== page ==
THE "MUTINY" CASE AT MILFORD.
Allegations Against Boatswain not Sustained.
It will be remembered that at the last Milford Petty Sessions two seamen John Jones (cook) and Edward Cain (deck hand) were charged, that they, being seamen, lawfully engaged on the fishing boat "Elf" did, during their engagement, continue to wilfully disobey the lawful commands of Alfred Ledner, the master of the said boat.
The men then made serious allegations against the boatswain of the boat saying that he had a bottle of whiskey on board, that he was "mad drunk" and that he violently assaulted Jones.
The boatswain was not present in court as he was at sea, and the case was adjourned in order that his evidence and that of the excise officer might be heard.
The case again came up for hearing on Wednesday, and in the meanwhile, the two men had taken out summons against the boatswain for assault.
Mr. R. T. P. Williams again appeared to prosecute.
The first witness was Mr. McDermott, excise officer, Milford Haven, and he said that on Thursday, October 28th, Mr. Brand (the owner of the 'Elf') and Captain Ledner came to him with certain complaints, and, as a result, he saw the two defendants the next morning. They said that they would not go to sea owing to the conduct of the boatswain. They said he had assaulted them, but when asked who saw the assault they said that no one had seen it. The boatswain denied the assault and the Skipper said he knew nothing at all about it. They eventually agreed to go to sea.
A magistrate suggested that the men had already been dealt with by the custom office, but Mr. Williams explained that this was not so.
Jones (a magistrate): Haven't they tried by the Board of Trade? Mr. Williams: No.
The assault case against the boatswain was then heard, and the defendant Jones entered the box. He said that on December 28th the boat went out and they had orders to drop anchor. The Captain ordered him to bring something below, and he did as he was told. The boatswain was in the forecastle, and he said to witness "you Welsh bastard." He then took off his jersey and struck witness in the chest with the result that he fell back. He then said: "I'll give you more than that." Witness was afraid of him and ran up and jumped into a boat which was at the side and told the Captain he was going ashore to tell Mr. Brand. He afterwards went back to board at the request of the Skipper. The boatswain, however, would not let the matter drop but followed him aft and said: "You Welsh bastard, I'll break you in two."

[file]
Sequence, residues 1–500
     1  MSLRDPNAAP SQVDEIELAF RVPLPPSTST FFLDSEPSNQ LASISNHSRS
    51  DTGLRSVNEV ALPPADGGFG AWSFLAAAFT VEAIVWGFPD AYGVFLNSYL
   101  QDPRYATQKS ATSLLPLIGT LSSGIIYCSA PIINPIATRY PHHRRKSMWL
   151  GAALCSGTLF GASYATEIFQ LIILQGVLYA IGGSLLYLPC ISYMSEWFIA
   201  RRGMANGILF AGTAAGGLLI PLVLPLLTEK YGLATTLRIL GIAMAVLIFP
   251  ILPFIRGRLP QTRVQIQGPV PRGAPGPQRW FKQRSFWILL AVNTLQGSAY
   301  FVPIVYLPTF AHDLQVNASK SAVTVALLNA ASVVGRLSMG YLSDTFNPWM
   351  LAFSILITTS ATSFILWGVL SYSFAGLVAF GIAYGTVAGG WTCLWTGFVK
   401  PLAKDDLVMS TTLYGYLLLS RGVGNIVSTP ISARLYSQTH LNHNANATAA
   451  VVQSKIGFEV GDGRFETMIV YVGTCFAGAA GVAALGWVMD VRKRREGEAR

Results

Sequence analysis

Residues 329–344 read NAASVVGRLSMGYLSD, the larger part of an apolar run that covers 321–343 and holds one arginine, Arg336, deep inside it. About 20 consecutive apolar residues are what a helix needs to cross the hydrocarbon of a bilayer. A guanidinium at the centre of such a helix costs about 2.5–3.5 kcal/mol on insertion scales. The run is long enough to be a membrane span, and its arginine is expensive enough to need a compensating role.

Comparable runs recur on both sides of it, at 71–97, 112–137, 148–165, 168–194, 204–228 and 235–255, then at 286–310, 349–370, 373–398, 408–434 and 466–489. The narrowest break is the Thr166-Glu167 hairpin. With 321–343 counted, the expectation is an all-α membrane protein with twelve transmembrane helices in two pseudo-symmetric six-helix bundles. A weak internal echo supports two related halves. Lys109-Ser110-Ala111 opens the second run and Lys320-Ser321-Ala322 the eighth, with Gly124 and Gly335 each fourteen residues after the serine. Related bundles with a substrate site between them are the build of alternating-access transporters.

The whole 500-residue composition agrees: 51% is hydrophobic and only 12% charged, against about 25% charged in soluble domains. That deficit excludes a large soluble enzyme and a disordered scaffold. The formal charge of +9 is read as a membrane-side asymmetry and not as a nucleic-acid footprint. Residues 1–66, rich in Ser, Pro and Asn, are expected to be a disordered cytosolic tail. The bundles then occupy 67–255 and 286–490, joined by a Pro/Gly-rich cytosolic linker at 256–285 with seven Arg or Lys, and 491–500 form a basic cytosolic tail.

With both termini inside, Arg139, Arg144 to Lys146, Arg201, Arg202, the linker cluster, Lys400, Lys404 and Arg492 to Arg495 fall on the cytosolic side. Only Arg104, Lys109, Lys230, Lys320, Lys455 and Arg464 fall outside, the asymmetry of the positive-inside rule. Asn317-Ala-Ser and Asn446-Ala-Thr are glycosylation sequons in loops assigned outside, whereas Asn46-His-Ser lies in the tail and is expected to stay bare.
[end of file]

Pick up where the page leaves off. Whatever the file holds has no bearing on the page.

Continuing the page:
The Chairman (Mr. J. B. Gaskell): Who saw this ?
Jones replied that several saw it, but they would not come and give evidence.
Cain, in the witness box, said he had done three trips in the boat before this one. On the day in question, he saw the boatswain go below and drink something out of a bottle. He came on deck, but soon after went below again, and had another "go" at the bottle. Witness made it his business to go and have a look at the bottle. He smelled it and found it contained whiskey. The boatswain, he said, was like a raving lion. When he passed witness his breath "was enough to knock you down". (Laughter). He (Cain) complained to the Skipper about the boatswain's conduct and he seemed to take no notice.
The boatswain followed him about in a threatening manner, and witness said: "I'm done now, I'm going ashore." The boatswain in the witness box denied that he had any whiskey onboard at all. The whole trouble, he said, was caused by the conduct of Jones, towards his (the witness's) son who was on the ship as a passenger. Jones called him some very foul names, and witness told him not to do that.
Jones said: "What have you got to do with it," and witness replied: "I'll show you, come on deck, and I'll break you in two." Jones said he had had nothing to do with the boy.
Cain complained that Mr Brand had 30s. of his wages, which he would not hand over.
Mr. Brand retorted that the man's wages for three week's amounted to £21, and was how he served him (Mr. Brand) now.
The Chairman said that the two men would be fined 10s. each, and the summons against the boatswain would be dismissed.